Good sport: Svetz puts it in Parks

As new director of Charlottesville's newly formed Parks and Recreation Department, Mike Svetz faces a juggling act.

Among his diverse goals: to improve the city's recreational programs, to increase the beauty of our entrance corridors, and even to make visible "ambassadors" out of Parks and Rec employees, who currently sport orange shirts.

"Maybe a bright yellow," he muses about a replacement, "something that falls within the safety spectrum first and foremost."

On the Downtown Mall in particular, he says, that bright color would also alert the public of the employees' approachability.

"We want to create a crew of ambassadors," says Svetz, "who are comfortable speaking with the public and answering questions about particular restaurants or stores."

The city's decision to combine three separate city departments– golf, parks, and recreation– under a single umbrella back in February meant that the 80 or so employees of those departments had to adjust to new responsibilities– and to a new boss.

"I spent the first few months getting to know people," explains Svetz, 35, who says he's had to "listen and learn."

Pat Plocek, the city's director of parks who formerly reported to public works director Judy Mueller (and now reports to Svetz), says he thinks combining the departments was a "good move."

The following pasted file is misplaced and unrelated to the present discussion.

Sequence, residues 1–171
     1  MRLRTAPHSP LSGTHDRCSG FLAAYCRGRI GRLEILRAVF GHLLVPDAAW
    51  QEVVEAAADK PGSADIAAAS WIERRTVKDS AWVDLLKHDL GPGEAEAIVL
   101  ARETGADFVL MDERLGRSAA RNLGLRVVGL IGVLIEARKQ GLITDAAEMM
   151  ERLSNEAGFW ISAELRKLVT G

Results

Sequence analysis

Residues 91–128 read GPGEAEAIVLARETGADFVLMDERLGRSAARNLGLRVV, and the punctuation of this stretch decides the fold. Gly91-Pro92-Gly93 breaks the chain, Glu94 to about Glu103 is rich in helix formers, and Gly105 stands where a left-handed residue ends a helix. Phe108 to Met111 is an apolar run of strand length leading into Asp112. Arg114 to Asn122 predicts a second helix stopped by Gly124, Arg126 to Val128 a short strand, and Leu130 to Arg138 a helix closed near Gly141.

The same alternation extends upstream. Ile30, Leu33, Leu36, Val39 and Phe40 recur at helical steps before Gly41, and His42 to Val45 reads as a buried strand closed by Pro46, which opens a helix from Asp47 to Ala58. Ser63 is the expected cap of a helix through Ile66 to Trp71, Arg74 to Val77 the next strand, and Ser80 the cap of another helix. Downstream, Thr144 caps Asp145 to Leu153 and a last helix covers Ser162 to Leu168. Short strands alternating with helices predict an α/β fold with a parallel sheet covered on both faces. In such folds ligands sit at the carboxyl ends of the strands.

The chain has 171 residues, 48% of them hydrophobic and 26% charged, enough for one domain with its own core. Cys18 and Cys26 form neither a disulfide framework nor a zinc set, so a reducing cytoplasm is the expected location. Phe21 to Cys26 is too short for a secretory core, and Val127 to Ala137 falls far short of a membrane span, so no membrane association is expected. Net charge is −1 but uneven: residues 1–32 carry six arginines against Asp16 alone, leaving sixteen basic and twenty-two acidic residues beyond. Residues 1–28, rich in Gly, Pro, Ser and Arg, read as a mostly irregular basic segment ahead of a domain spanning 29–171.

But the change has not been without its difficulties.

"No transitions are smooth," says Plocek. "When you take over new duties, there are always bumps in the road."

A Cleveland native who earned a master's in sports administration from Ohio's Miami University, Svetz topped more than two dozen applicants (including one inside City Hall) for the position after going through a grueling interview process that included taking a personality inventory, meeting with city manager Gary O'Connell, and interviewing with the staff he'd be supervising.

His nearly 15 years of experience helped win him the job. Following grad school, Svetz spent five and a half years as head of Parks and Rec in Brunswick, Ohio before moving on the head up the Parks and Rec department in Strongville, Ohio, where he stayed for almost seven years. There, he successfully managed that city's $18 million recreation center, which operated with a $2.5 million annual budget.

"It was like running a business," says Svetz, who left the position because he wanted "to expand his experience in Parks and Recreation." Charlottesville's wide range of recreational opportunities, he says– especially the McIntire Golf Course– was a strong draw.

After several months on the job, Svetz says he's starting to form long-range plans.

"We will have to do a needs assessment," he says, to determine which projects should be tackled first.

But more than altering his employees' attire or focusing on one particular aspect of his job, Svetz says he plans to just keep listening.

"You have to be open to comments and suggestions," he says. "If we're not, there's no way we're going to improve."

Mike Svetz.